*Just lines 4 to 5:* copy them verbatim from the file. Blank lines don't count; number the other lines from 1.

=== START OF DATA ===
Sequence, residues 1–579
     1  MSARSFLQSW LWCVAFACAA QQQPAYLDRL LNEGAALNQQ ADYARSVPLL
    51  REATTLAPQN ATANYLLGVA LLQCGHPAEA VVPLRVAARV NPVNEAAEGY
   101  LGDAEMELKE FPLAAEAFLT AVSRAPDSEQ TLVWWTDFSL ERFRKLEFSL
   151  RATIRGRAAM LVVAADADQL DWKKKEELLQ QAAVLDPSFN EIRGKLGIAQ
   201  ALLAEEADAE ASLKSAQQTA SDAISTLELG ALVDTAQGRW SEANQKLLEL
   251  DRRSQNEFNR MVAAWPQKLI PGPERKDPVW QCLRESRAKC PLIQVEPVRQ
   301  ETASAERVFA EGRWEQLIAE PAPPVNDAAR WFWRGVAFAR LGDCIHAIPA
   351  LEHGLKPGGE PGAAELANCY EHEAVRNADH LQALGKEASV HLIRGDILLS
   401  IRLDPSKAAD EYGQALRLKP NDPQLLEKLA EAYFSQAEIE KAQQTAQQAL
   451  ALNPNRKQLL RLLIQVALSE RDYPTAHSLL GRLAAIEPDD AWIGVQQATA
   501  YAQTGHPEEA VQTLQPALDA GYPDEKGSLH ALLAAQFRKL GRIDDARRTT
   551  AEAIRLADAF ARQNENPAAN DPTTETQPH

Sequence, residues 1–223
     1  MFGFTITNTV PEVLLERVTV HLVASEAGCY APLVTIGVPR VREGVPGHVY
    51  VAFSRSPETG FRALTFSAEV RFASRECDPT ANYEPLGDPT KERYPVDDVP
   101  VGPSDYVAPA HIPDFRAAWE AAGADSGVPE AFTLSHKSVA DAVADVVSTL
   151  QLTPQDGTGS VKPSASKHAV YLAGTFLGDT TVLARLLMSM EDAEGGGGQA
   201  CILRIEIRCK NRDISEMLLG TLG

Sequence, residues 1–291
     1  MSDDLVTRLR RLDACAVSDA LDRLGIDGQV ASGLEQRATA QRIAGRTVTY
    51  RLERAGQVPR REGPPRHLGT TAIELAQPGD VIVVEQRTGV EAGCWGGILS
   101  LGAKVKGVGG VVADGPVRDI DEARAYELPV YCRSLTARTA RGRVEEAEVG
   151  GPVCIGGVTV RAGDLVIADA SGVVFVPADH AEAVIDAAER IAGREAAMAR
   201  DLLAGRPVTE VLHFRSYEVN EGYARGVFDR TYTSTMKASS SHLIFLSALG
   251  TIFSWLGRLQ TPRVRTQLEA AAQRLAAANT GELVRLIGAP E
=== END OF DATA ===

   101  LGDAEMELKE FPLAAEAFLT AVSRAPDSEQ TLVWWTDFSL ERFRKLEFSL
   151  RATIRGRAAM LVVAADADQL DWKKKEELLQ QAAVLDPSFN EIRGKLGIAQ